Alabama Governors

Robert Miller Patton

photo of portrait of Ala. Governor Robert Miller Patton




Robert Miller Patton, the twentieth governor of Alabama, was born July 10, 1809, in Russell County, Virginia. His family moved to Huntsville, Alabama, in 1818 where Patton attended Green Academy. Patton apprenticed in the family cotton mill founded by his father William. In 1829 he moved to Florence, Alabama, and began a mercantile business that his sons took over in the late 1850s. He married Jane Locke Braham of Huntsville on January 31, 1832. They had nine children. Seven of his children lived to adulthood but he lost two sons, both Confederate soldiers, during the Civil War.


Patton's political career began in 1832 when he was elected to the state legislature. He was elected to the special legislature that convened in 1837 in response to the financial panic and depression of that year. Although he was a Whig, Patton continued to serve in one branch or the other of the state legislature until the outbreak of war. He represented the state at the national convention in Charleston, SC, in 1860 and was present at the secession convention in Montgomery. Patton opposed secession but supported the state's efforts through time and money and as a commissioner for the Confederacy. By the war's end, he suffered not only the loss of his sons but the destruction of his estate in Lauderdale County.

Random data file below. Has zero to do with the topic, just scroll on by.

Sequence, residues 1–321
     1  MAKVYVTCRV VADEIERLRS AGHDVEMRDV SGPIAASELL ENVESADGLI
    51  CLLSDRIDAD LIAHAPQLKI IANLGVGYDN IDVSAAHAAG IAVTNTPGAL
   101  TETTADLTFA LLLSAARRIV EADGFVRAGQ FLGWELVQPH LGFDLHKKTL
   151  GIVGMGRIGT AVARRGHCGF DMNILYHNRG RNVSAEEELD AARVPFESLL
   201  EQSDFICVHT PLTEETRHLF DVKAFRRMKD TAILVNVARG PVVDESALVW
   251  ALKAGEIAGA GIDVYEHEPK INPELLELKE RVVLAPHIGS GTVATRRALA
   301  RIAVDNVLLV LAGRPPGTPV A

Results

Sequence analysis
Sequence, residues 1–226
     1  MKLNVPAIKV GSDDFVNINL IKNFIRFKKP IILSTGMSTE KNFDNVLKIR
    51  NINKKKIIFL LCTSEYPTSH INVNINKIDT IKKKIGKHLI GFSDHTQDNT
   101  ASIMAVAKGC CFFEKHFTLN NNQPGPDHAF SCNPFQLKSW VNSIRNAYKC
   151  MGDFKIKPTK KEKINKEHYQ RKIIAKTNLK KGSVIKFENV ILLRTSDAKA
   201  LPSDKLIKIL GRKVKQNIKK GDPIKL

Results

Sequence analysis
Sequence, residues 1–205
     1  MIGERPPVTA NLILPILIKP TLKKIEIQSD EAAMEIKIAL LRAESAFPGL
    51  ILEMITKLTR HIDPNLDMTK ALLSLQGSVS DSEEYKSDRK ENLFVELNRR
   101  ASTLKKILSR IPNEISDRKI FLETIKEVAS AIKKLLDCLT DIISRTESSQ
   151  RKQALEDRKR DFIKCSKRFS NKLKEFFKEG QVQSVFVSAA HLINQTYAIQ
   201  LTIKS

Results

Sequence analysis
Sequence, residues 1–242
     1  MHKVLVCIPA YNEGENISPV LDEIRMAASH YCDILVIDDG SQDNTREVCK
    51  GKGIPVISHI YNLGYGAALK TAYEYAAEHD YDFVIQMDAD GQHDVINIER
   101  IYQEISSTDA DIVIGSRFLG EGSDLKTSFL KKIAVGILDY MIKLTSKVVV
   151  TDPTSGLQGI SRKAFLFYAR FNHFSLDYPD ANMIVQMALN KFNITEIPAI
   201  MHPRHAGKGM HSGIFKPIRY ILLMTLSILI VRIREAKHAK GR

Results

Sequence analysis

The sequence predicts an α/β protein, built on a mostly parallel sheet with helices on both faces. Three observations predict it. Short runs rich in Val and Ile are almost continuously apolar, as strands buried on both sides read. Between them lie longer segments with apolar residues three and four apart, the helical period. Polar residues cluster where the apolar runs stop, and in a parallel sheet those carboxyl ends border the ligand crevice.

Patton represented his county at the constitutional convention in September 1865. He was elected governor in November and inaugurated on December 13. Patton worked closely with the assistant commissioner of the Freedmen's Bureau, General Wager Swayne. He helped Swayne procure rations for the thousands of indigent families in the state. His greatest contribution was his success in reducing the state debt. He issued "Patton certificates" in 1867 to offset state expenses in anticipation of the collection in taxes.


Despite Patton's efforts, he was largely stripped of his authority in March 1867 when presidential reconstruction ended with the passage of the Reconstruction Acts by Congress. Major General John Pope was placed in charge of the Third Military District which included Alabama, Georgia, and Florida. Swayne continued as the commanding officer of Alabama. Patton was allowed to remain in office and draw his salary but he was mainly a figurehead who could do no more than make recommendations to Swayne. Patton was officially the head of the state until William H. Smith became governor in July, 1868.


After his political career ended, Patton became involved in several commercial ventures to establish and build railroads in the state. He also served as a trustee of several schools and colleges, including the University of Alabama. He was instrumental in rebuilding the university after it was burned by Federal troops during the war. Patton died on February 28, 1885, at Sweet Water near Florence. He was buried in Huntsville.



Bethel, Elizabeth. "The Freedmen's Bureau of Alabama." Journal of Southern History XIV, February 1948.
Cash, William M. Alabama Republicans During Reconstruction: Personal Characteristics, Motivations, and Political Activity of Party Activists, 1867-80. (Ph.D. dissertation) 1973.
DuBose, John W. Alabama's Tragic Decade: Ten Years of Alabama, 1865-1874, 1940.
Owen, Thomas M. History of Alabama and Dictionary of Alabama Biography, 1921.
Stewart, John Craig. The Governors of Alabama, 1975.